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New Hope

After arriving in Yerba Buena (San Francisco), Sam Brannan had some discussions with Captain John C. Fremont. Fremont told Brannan, “Two years ago, on my first trip over the Sierras. I camped at the confluence of the San Joaquin and Stanislaus (Rivers). It was scenic as Switzerland, balmy as Italy, and fertile as the Nile Delta.”

In the early autumn of 1846, Brannan rode into the San Joaquin Valley to check this out. At Marsh’s Landing (Antioch), Dr. Marsh convinced him of the feasibility of buying a discarded whaleboat, converting it into a sailing launch, and sailing up the San Joaquin. Brannan called a crew to convert the whaleboat (The Comet) and to take implements, sawmill irons, seed wheat, and a small flouring mill to “New Hope” on the Stanislaus. Twenty men of the Ship Brooklyn Saints were sent to establish New Hope, by planting wheat, vegetables, and redtop, a forage crop. The Comet landed at what would later become Mossdale, where the trail between Sutter’s Fort (Sacramento) and San Jose crossed the river. (A state registered landmark on State Highway 120 now marks the spot of this landing, which was the first launch to sail up the Sacramento River from San Francisco Bay).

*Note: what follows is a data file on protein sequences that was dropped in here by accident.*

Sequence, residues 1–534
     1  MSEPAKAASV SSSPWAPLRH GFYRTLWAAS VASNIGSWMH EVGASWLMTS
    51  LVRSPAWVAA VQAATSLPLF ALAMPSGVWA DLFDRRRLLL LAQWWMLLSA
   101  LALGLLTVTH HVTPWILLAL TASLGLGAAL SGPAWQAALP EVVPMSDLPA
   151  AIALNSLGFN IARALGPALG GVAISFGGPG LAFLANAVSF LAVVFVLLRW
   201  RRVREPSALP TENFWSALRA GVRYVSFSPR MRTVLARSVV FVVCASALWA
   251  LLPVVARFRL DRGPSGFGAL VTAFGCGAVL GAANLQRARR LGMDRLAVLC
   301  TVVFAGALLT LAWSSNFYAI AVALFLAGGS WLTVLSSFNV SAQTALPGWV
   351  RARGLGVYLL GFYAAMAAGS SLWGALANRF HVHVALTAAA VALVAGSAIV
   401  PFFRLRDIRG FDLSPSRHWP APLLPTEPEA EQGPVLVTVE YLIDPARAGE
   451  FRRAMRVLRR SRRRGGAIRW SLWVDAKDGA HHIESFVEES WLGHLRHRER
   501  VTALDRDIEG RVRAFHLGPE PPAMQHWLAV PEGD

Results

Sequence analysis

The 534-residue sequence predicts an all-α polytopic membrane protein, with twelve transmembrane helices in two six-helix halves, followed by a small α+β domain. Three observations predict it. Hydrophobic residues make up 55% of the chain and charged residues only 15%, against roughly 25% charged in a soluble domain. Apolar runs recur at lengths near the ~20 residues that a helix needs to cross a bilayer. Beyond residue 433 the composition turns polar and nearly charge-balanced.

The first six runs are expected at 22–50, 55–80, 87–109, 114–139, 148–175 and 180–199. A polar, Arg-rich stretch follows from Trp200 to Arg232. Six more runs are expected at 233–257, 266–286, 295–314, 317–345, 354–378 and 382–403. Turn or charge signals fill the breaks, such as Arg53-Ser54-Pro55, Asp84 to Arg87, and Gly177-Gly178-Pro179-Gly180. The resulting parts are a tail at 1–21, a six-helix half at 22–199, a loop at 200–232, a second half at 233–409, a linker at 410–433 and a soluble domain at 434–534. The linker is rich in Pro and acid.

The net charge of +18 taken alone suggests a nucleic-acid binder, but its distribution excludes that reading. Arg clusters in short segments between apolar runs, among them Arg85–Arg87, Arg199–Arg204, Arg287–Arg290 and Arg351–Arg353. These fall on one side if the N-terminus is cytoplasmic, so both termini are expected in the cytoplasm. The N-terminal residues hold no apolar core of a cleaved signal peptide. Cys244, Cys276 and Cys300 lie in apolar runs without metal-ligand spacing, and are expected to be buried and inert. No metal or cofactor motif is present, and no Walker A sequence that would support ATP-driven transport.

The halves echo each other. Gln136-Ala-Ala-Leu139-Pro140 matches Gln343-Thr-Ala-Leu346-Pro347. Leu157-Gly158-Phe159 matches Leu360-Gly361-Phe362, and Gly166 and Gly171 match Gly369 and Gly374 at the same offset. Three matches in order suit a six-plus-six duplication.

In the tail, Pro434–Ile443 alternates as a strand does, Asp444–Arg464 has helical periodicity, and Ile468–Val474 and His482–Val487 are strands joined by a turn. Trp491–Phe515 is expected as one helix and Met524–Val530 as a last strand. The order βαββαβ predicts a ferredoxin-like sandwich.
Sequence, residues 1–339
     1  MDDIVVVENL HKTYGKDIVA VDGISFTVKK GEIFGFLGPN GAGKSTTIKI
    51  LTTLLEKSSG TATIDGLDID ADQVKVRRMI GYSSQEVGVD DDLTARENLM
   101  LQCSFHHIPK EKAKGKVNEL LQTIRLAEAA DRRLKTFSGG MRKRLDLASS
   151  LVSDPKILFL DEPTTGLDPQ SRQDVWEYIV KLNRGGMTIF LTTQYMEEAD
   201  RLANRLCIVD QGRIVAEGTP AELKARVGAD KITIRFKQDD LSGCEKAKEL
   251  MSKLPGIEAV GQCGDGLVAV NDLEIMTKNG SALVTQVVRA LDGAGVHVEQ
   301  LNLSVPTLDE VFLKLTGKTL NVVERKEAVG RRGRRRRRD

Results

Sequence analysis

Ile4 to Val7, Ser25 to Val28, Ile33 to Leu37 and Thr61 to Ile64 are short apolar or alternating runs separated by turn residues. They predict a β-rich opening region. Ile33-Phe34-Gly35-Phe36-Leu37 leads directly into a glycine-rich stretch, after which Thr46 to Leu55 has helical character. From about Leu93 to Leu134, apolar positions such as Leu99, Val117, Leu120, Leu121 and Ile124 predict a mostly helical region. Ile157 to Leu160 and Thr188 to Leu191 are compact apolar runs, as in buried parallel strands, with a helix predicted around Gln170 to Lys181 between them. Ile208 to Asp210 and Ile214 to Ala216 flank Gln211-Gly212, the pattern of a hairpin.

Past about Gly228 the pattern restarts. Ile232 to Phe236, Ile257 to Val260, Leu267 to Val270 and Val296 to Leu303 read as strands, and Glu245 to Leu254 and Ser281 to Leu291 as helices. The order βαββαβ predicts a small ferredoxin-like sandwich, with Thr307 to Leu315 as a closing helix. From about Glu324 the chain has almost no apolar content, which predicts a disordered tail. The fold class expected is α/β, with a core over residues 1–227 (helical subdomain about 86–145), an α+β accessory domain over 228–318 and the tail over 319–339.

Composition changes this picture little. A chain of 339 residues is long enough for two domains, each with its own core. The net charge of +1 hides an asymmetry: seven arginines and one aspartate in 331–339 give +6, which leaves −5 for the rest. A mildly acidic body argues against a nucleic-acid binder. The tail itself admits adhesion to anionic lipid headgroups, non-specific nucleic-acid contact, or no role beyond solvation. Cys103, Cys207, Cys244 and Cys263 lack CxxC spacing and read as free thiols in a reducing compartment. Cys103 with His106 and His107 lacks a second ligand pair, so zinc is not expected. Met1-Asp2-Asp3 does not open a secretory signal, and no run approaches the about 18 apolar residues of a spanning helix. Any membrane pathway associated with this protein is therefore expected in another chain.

Two men drove a yoke of oxen and a span of mules from Marsh’s Landing to the New Hope location, using a map drawn by the trapper, Ezekiel Merritt. The men fenced and planted about eighty acres of land, sawed lumber, and split shakes, and built three log houses.

Heavy flood caused much loss and discouragement. The men were homesick and worried about their families in Yerba Buena, but they stayed and labored on.. (A registered landmark on Highway 99, records: “New Hope, First Wheat”New Hope Monument #1

The small colony did not last, but has the distinction of raising some of the first wheat in the San Joaquin Valley. This and the other crops they planted started the move from the “rancho system” in California, of panting crops for their own use, to the “agricultural system” of raising crops for feeding others.

It is thought that the steel flour grist mill was eventually sold in 1849 to Austin Sperry , owner of a general store and feed yard in Stockton. The store and mill burned in 1852, because all of the records prior to 1852 were lost at that time, it is impossible to be proved the claim, but Sperry rebuilt a larger establishment the same year, which grew into the Sperry Flour Company, which is now a part of General Mills.